Shorebirds face uncertain future
The world’s shorebirds face an uncertain future as sea levels rise and destroy their traditional feeding grounds and hatcheries, according to new research from the University of Queensland (UQ).
UQ scientists predicts that anywhere between 23 to 40 per cent of the birds’ main feeding grounds could be inundated, leading to a 70 per cent decline in their populations.
This places some of the world's shorebirds at greater risk as some areas have already reported population losses of 30-80 per cent.
“Each year, millions of shorebirds stop at coastal wetlands to rest and feed as they migrate from Russia and Alaska to the coasts of Southeast Asia and Australasia,” said UQ’s Dr Richard Fuller.
“We've discovered that some of these wetlands are highly vulnerable to sea level rise and might be lost in the next few decades. If the birds can no longer stop at these areas to ‘refuel', they may not be able to complete the journey to their breeding grounds.”
In many cases, encroaching sea levels are already leading to the destruction of significant areas of wetlands, which birds use as feeding grounds on their long migratory journeys.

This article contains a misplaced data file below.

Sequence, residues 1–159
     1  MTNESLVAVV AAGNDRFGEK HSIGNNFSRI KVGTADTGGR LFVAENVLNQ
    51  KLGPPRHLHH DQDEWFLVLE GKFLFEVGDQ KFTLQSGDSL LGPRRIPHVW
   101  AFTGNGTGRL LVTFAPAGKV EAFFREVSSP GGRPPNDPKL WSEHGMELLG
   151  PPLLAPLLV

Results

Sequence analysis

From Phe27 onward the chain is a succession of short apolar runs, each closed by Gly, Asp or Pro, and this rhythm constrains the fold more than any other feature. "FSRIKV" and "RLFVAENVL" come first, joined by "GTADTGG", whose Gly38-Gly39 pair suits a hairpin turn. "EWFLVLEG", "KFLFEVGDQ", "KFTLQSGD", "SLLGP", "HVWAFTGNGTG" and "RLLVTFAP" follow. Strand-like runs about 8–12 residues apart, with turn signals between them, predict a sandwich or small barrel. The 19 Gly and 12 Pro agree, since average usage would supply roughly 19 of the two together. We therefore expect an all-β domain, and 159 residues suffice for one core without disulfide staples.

Species showing signs of being in trouble include the bar-tailed godwit, curlew sandpiper, eastern curlew, great knot, grey-tailed tattler, lesser sand plover, red knot and terek sandpiper.
The scientists used “graph theory”, a mathematical approach to estimate the impact of the loss of these wetlands on shorebirds.
“We found that if a tidal wetland habitat serves as an important ‘stepping stone' for the shorebirds, a small amount of habitat loss can trigger disproportionally large declines in the population,” says Dr Takuya Iwamura of Stanford University.
Dr Fuller said that huge areas of coastal wetlands have been reclaimed by urbanisation and agriculture, leading to a precipitous loss in bird populations.
While some existing wetlands can shift inland as sea levels rise, sites along highly developed coastlines, for example in Japan, China and the Republic of Korea, cannot move at all because of the scale of human development close to the coast.
“While we can build sea walls to defend ourselves against rising sea levels, the cost of this will only increase as time goes by,” Dr Fuller said. “We could instead be looking for opportunities to return our coastlines to a more natural state.